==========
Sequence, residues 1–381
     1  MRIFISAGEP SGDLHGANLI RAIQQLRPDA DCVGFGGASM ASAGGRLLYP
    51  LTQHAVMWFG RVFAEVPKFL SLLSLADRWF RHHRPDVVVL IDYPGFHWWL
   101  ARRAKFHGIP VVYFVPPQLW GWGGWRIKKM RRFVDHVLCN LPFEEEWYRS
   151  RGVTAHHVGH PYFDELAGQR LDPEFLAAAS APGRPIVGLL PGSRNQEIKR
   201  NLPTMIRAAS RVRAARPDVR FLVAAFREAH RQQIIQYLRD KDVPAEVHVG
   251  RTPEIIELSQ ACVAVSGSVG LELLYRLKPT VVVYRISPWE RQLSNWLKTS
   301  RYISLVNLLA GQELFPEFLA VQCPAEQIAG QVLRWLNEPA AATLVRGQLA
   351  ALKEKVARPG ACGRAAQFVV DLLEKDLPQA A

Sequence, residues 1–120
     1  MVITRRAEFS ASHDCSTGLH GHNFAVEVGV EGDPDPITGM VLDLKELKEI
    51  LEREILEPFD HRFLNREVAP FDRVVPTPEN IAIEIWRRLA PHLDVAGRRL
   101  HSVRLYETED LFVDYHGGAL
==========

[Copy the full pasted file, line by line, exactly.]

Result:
Sequence, residues 1–381
     1  MRIFISAGEP SGDLHGANLI RAIQQLRPDA DCVGFGGASM ASAGGRLLYP
    51  LTQHAVMWFG RVFAEVPKFL SLLSLADRWF RHHRPDVVVL IDYPGFHWWL
   101  ARRAKFHGIP VVYFVPPQLW GWGGWRIKKM RRFVDHVLCN LPFEEEWYRS
   151  RGVTAHHVGH PYFDELAGQR LDPEFLAAAS APGRPIVGLL PGSRNQEIKR
   201  NLPTMIRAAS RVRAARPDVR FLVAAFREAH RQQIIQYLRD KDVPAEVHVG
   251  RTPEIIELSQ ACVAVSGSVG LELLYRLKPT VVVYRISPWE RQLSNWLKTS
   301  RYISLVNLLA GQELFPEFLA VQCPAEQIAG QVLRWLNEPA AATLVRGQLA
   351  ALKEKVARPG ACGRAAQFVV DLLEKDLPQA A

Sequence, residues 1–120
     1  MVITRRAEFS ASHDCSTGLH GHNFAVEVGV EGDPDPITGM VLDLKELKEI
    51  LEREILEPFD HRFLNREVAP FDRVVPTPEN IAIEIWRRLA PHLDVAGRRL
   101  HSVRLYETED LFVDYHGGAL